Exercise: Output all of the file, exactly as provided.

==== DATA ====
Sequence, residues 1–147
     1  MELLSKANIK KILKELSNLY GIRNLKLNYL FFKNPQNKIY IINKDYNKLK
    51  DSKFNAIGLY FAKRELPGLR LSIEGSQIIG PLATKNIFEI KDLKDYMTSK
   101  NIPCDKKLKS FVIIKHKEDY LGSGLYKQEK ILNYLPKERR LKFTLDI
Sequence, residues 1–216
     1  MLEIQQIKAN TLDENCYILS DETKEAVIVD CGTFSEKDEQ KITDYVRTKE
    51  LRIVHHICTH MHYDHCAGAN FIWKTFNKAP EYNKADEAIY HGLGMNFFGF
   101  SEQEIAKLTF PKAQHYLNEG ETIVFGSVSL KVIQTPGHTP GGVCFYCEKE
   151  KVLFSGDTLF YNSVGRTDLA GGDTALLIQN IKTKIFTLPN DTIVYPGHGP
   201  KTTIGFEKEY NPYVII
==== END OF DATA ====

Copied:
Sequence, residues 1–147
     1  MELLSKANIK KILKELSNLY GIRNLKLNYL FFKNPQNKIY IINKDYNKLK
    51  DSKFNAIGLY FAKRELPGLR LSIEGSQIIG PLATKNIFEI KDLKDYMTSK
   101  NIPCDKKLKS FVIIKHKEDY LGSGLYKQEK ILNYLPKERR LKFTLDI
Sequence, residues 1–216
     1  MLEIQQIKAN TLDENCYILS DETKEAVIVD CGTFSEKDEQ KITDYVRTKE
    51  LRIVHHICTH MHYDHCAGAN FIWKTFNKAP EYNKADEAIY HGLGMNFFGF
   101  SEQEIAKLTF PKAQHYLNEG ETIVFGSVSL KVIQTPGHTP GGVCFYCEKE
   151  KVLFSGDTLF YNSVGRTDLA GGDTALLIQN IKTKIFTLPN DTIVYPGHGP
   201  KTTIGFEKEY NPYVII